Best performance of each classifier

specificity.
Abbreviations: NF, number of features; ACC, accuracy; SEN, sensitivity; SPE,
ClassifierNFACC (%)SEN (%)SPE (%)PPV (%)NPV (%)
SVM37064767268
LDA36864737067
k-NN16767676767
NB96758767064

##### Table 6

Average ranks of 20 entropy measures determined by SVM-RFE

RankAvgPhaseEntropy
1.00REC2SampEn
2.00REC2FuzzEn
3.42RLXShanEn
6.11RLXApEn
7.08BASEFuzzEn
7.24MATApEn
7.97BASEApEn
8.47MATFuzzEn
10.32MATShanEn
10.33RLXSampEn
11.73MATSampEn
12.35REC1ShanEn
13.09BASESampEn
13.73RLXFuzzEn
14.03REC1FuzzEn
14.59REC2ApEn
15.09REC1SampEn
16.12REC2ShanEn
16.29REC1ApEn
19.05BASEShanEn

##### Figure 5.

Average accuracy as function of number of selected features. The features were ranked by SVM-RFE.

The average ranks of the 20 entropy features are listed in Table 6. These ranks were computed by SVM-RFE during the LOO procedure. The most relevant feature was SampEn from REC2, followed by FuzzEn from REC2, ShanEn from RLX, ApEn from RLX, and FuzzEn from BASE.

## 4.Discussion

We have demonstrated differentiation of patients with MDD from healthy controls with 70% accuracy, 64% sensitivity, and 76% specificity, using the three most relevant entropy features. To the best of our knowledge, the present study is the first to classify MDD patients and healthy controls using only HRV entropy features. The feature ranking determined by SVM-RFE revealed that the features extracted from the REC2 and RLX phases were highly relevant, suggesting that the entropy measured when a subject is experiencing autonomic stress and recovery can improve the discriminative power of HRV entropy features.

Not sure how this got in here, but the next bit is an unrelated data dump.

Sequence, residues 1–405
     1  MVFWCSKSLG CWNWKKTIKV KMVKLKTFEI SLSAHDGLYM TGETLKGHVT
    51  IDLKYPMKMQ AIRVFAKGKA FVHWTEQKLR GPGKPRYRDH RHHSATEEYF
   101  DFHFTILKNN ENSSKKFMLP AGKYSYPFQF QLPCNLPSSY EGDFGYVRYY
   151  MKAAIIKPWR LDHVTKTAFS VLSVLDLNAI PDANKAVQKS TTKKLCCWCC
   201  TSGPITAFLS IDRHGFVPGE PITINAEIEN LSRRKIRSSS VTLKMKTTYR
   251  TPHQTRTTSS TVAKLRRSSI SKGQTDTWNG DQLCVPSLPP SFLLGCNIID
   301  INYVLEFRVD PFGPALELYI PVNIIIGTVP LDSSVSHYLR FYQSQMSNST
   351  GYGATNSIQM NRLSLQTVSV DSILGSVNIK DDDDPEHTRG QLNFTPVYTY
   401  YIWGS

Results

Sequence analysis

First, we examined whether our experimental protocol induced multiple alterations in the ANS activities of participants during measurements (Fig. 3 and Table 2). The significant decrease in RRI during the MAT phase observed in this study suggests that the mental stress task successfully induced increased sympathetic activity. The participants recovered from this stress during the first recovery (REC1), as indicated by a significant difference in RRI between the MAT and REC1 phases. Interestingly, the RRI values increased significantly in the RLX and REC2 phases compared to the REC1 phase. These results suggest that REC1 was not sufficiently long for the participants to fully recover from the mental stress and, also, that the participants further recovered during the relaxation task (RLX) and the second recovery (REC2).